Book Review: Killer Triggers by Joe Kenda
By Ray PalenMarch 24, 2021
For those viewers who watched the nine seasons of Homicide Hunter: Lt. Joe Kenda, this novel will be a real treat. If you were not able to catch that show, which was on the Investigation Discovery (ID) Cable Network, it now has gained a whole new crop of fans with the advent of the Discovery+ app. Kenda comes across as more than just a tough guy but as a career Homicide Investigator who has pretty much seen it all.
Now, with the release of Killer Triggers: Murder Comes Down To Sex, Drugs, Or Money, his fans will find that his literary voice is that much more deeply layered and uncensored in a way we never got to experience on his cable series. Each chapter in this True Crime compendium focuses on a different trigger for homicides with all of them falling somewhere under the heading or sub-heading of Sex, Drugs, or Money. It is a gritty and very real look at true Homicide Investigation without all the glossing over you get from network TV series that do not come close to the real thing.
Kenda does not hold anything back and I love the way he describes what he does. In Chapter 1 he likens his job to that of a symphony conductor where he would ‘walk into the scene of a murder and try to pick up on the melody so that I could orchestrate the investigation.’ That first chapter brings us the case of an elderly man who was in great shape and prided himself on his ability to still compete in marathons. His life was ended by two punks who probably just needed money for booze and drugs. Kenda shares with readers that those in Law Enforcement are never trained in how to break bad news to family members—especially when having to inform them that their loved one was dead. He indicated that it would have been up to the Coroners otherwise and they are not known for their tact.
Chapter 2 discusses ‘The Serial Killer Next Door’. Serial killers are made not born and the U.S. has more per capita than the rest of the world combined. Kenda briefs us on the tell-tale signs that the person who may be living on your block could be a serial killer. It is typically about some form of sexual rage, usually men against women. He also indicates that this is why he made his daughter bring all male suitors over the house so he could get a look at them first. Kenda even joked that his daughter could not begin dating until age sixteen and that he planned to escort her on all her dates until she was twenty-eight!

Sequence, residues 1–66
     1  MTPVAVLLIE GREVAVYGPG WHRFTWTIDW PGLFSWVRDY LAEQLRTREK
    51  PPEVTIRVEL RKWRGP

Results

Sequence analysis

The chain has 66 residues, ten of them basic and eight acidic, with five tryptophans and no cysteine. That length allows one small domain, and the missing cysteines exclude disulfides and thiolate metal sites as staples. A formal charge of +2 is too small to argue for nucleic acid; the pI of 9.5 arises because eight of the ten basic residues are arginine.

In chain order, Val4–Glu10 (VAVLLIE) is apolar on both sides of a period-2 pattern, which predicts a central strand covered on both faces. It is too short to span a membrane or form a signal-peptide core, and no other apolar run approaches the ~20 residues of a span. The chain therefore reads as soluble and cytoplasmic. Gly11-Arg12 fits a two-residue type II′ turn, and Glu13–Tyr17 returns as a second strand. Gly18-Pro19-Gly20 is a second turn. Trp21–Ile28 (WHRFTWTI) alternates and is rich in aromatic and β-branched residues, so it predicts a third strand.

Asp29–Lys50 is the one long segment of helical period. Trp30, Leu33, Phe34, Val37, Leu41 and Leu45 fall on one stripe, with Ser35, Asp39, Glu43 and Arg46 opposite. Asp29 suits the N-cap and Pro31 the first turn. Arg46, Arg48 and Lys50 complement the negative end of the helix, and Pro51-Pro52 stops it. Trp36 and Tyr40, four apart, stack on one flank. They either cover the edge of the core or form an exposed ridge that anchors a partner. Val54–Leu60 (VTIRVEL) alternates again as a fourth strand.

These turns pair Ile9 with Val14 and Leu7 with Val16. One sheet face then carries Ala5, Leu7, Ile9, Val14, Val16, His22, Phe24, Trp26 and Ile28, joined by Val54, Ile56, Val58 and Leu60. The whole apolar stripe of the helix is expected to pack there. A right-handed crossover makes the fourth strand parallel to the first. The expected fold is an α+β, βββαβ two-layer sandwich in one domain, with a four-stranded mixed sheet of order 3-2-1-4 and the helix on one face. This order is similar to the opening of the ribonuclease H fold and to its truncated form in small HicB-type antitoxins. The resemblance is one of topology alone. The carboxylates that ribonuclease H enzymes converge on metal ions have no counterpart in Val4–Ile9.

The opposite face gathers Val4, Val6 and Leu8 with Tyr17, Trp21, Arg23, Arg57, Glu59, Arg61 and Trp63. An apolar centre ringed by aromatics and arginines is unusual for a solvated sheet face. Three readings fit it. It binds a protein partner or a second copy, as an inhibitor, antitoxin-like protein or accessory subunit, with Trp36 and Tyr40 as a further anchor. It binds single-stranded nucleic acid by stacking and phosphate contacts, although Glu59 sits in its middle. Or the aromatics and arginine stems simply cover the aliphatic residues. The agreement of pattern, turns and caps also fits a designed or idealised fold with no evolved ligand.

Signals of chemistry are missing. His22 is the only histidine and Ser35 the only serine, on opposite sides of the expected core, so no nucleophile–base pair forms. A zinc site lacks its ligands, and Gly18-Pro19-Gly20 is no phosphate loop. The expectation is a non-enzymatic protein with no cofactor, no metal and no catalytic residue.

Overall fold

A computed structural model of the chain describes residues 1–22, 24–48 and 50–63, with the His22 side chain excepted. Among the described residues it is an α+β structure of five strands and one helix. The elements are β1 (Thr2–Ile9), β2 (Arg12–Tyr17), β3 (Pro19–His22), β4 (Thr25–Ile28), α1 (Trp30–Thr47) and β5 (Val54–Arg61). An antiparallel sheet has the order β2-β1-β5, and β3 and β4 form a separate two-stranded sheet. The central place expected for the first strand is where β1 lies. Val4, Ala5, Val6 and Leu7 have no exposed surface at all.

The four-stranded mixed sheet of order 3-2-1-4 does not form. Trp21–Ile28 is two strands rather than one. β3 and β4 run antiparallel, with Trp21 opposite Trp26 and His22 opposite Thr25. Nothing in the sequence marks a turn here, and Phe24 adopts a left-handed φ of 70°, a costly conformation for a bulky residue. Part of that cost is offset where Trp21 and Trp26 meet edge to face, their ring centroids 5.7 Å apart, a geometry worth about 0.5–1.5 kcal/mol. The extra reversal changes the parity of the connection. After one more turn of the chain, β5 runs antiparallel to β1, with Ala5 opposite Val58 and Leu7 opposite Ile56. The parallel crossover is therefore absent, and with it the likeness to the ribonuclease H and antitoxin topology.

Chapter 3 shows how an honest, loving family man could become a killer who murdered his entire family. Kenda admitted to getting chills when he found kill lists scattered throughout the house in the father’s handwriting that not only included several strangers but also the members of his own family. Money is a huge motivator in homicide investigations and Chapter 6 tells the sad tale of an elderly couple who ran a Mom & Pop business that ended when the Pop was murdered during a robbery. Chapter 8 reveals the eye-opening statistic that 58 percent of women are killed by those nearest and dearest to them and 137 are killed by a loved one in the U.S. every day.
I just love the way Kenda speaks and writes and especially got a kick out of the title of Chapter 9—“LOWLIFES DESERVE JUSTICE, TOO”. This book was solid reading and unlike any True Crime retelling I have ever read. It really hit home when Kenda discusses why he decided to end his Cable Show after nine seasons. He also reveals that his greatest payoff from doing the series was the opportunity to unload the accumulated horrors that had haunted my dreams during and after his career as a homicide detective. A very revealing read—who would have thought life in Colorado Springs could be so hazardous!